‘Real hero’: Dr. Ala Stanford wins award named for late U.S. Sen. Harris Wofford

Dr. Ala Stanford administers a COVID-19 swab test on Wade Jeffries in the parking lot of Pinn Memorial Baptist Church in Philadelphia, Wednesday, April 22, 2020. Stanford and other doctors formed the Black Doctors COVID-19 Consortium to offer testing and help address heath disparities in the African American community. (AP Photo/Matt Rourke)

Dr. Ala Stanford administers a COVID-19 swab test on Wade Jeffries in the parking lot of Pinn Memorial Baptist Church in Philadelphia, Wednesday, April 22, 2020. Stanford and other doctors formed the Black Doctors COVID-19 Consortium to offer testing and help address heath disparities in the African American community. (AP Photo/Matt Rourke)

Dr. Ala Stanford has won the Harris Wofford Active Citizenship Award for her work as founder and co-chair of the Black Doctors COVID-19 Consortium.

Philadelphia Mayor Jim Kenney recognized the physician as a “real hero” with the honor Wednesday, citing the many lives she helped save over the course of the pandemic. Stanford is the 23rd recipient of the award, named after the former U.S. Senator and special assistant to U.S. President John F. Kennedy who was instrumental in the formation of the Peace Corps and fought for civil rights.

“At a time when COVID-19 has disproportionately impacted the Black community, particularly frontline workers,” said Kenney, “Dr. Stanford and her team of physicians, nurses, and medical workers have been going regularly to the heart of underserved communities, particularly Black churches.”

Stanford and her team have provided COVID-19 testing and education to over 21,000 people in the city since the pandemic’s outbreak in April, with a focus on Black people in communities underserved by the government and the health care industry.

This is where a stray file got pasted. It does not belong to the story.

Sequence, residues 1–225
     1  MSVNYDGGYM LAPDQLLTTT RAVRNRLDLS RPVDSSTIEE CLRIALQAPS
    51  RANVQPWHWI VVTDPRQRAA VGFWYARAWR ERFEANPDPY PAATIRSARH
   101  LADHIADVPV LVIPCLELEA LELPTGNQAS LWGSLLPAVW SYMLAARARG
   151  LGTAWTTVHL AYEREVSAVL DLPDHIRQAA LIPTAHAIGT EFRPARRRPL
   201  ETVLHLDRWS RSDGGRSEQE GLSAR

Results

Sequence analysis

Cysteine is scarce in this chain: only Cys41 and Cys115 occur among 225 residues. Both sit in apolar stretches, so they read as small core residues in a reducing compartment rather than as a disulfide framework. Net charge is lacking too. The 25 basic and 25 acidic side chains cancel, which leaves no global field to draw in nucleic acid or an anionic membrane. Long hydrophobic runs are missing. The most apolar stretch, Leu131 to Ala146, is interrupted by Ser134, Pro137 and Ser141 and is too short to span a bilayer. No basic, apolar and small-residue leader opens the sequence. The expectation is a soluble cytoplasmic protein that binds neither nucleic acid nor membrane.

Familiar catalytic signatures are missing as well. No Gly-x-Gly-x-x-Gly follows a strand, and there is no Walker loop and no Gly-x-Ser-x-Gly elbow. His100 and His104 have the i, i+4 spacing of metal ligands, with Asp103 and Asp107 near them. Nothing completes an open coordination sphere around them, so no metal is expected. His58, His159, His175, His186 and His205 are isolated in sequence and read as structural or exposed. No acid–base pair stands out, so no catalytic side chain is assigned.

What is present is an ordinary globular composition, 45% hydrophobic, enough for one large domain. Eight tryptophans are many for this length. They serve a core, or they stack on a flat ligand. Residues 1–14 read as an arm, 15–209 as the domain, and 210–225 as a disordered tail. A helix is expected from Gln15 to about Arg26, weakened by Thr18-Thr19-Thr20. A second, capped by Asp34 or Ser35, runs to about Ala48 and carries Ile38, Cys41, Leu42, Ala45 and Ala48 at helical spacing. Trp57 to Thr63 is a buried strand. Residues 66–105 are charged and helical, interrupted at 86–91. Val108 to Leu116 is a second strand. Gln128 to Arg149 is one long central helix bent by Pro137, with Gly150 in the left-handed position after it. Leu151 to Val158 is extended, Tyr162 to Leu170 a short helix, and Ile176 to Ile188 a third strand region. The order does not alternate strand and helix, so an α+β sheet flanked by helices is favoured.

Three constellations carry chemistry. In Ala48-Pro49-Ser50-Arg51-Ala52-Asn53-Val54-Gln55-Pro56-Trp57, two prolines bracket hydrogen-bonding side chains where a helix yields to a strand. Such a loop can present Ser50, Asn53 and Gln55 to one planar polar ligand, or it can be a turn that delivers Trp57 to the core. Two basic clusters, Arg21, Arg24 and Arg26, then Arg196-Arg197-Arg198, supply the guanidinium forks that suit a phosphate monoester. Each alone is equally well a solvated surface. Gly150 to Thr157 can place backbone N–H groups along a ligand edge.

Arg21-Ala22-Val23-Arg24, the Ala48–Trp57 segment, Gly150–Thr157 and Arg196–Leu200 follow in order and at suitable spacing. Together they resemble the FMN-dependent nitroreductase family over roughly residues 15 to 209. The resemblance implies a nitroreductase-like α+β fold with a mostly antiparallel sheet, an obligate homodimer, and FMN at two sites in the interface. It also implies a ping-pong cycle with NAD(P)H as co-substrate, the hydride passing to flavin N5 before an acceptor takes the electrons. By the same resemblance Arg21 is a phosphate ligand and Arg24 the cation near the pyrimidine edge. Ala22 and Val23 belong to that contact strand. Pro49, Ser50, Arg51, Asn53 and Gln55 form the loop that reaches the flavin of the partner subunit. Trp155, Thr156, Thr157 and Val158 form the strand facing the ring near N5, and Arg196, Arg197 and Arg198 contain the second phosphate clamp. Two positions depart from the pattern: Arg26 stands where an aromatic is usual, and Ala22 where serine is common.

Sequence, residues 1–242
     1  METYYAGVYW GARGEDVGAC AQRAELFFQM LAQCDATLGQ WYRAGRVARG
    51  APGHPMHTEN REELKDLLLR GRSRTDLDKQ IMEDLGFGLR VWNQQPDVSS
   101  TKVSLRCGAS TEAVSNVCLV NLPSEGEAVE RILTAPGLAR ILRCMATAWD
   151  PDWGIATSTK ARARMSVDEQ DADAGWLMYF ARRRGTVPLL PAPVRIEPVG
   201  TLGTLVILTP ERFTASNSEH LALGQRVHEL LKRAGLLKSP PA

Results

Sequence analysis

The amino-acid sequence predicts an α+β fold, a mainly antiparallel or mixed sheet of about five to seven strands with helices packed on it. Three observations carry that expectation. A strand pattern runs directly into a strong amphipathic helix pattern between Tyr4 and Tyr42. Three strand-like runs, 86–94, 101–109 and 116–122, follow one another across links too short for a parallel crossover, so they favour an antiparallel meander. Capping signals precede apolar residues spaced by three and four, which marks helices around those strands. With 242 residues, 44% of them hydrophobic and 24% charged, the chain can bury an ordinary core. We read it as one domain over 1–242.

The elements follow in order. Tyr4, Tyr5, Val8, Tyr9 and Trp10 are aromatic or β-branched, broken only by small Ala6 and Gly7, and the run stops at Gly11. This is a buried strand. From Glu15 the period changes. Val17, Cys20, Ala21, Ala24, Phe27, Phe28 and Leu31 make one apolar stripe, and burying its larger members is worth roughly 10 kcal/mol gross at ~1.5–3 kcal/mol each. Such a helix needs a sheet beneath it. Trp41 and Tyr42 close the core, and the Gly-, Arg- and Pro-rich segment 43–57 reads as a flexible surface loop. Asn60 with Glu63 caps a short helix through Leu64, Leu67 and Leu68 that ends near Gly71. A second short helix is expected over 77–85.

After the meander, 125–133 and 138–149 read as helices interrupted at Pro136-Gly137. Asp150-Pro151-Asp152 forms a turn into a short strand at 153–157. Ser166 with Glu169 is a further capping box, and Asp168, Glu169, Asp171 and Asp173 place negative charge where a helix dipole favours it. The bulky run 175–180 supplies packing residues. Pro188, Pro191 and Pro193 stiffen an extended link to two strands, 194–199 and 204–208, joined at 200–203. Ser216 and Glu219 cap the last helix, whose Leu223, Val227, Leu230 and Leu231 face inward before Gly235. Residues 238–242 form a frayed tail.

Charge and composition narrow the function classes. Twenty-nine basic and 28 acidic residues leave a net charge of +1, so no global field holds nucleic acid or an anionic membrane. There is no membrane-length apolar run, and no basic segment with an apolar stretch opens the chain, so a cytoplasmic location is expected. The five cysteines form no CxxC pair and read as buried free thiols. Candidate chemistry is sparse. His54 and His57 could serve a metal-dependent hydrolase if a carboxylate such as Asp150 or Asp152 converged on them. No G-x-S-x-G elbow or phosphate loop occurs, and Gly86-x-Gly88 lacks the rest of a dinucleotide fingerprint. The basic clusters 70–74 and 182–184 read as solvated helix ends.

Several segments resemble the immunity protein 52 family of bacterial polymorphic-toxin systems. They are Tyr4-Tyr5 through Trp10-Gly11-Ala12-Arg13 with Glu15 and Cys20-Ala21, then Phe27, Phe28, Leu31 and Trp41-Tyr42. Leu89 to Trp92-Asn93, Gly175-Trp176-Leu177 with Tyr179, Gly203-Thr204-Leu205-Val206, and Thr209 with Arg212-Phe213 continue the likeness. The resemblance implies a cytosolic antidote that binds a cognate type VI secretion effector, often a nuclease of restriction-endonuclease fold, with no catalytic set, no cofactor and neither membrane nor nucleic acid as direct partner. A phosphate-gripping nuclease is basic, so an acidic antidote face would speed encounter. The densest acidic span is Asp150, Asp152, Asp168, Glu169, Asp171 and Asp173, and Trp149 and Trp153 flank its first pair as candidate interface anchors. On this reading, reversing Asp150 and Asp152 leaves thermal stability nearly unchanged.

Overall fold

In August 2020, the city reported Black and Latino residents had the highest rates of infection, hospitalization, and death from the virus of any racial and ethnic group. As of Thursday, the virus had killed 2,550 Philadelphians.

“Your health and your well-being matters to me,” said Stanford. “I saw a need that you weren’t getting. And after 23 years of being a physician, I was now in a place to bring it to you.”

The award came after Heather Wathington, president and co-chair of Girard College, announced that the consortium will be providing free COVID-19 testing at the school for the 26th annual Greater Philadelphia King Day of Service on Jan. 18, the Dr. Martin Luther King holiday.

The regional day of service, that includes Pennsylvania, New Jersey, and Delaware, is said to be the largest MLK Day event in the nation. This year’s theme is justice and the COVID-19 health crisis.

“While this year’s event will look a little different,” said Wathington. “I cannot think of another activity than offering testing to those who have been hit hardest by the coronavirus pandemic.”

The event continues a partnership between Girard College and Global Citizen, a local nonprofit that promotes racial and social justice.

Todd Bernstein, president of Global Citizen and founder and director of the day of service, announced other events including food distribution, a virtual career expo, and a virtual conversation about racial justice and disparities in health care which Stanford will participate in.

The free COVID testing is scheduled to take place from 9 a.m. to noon.

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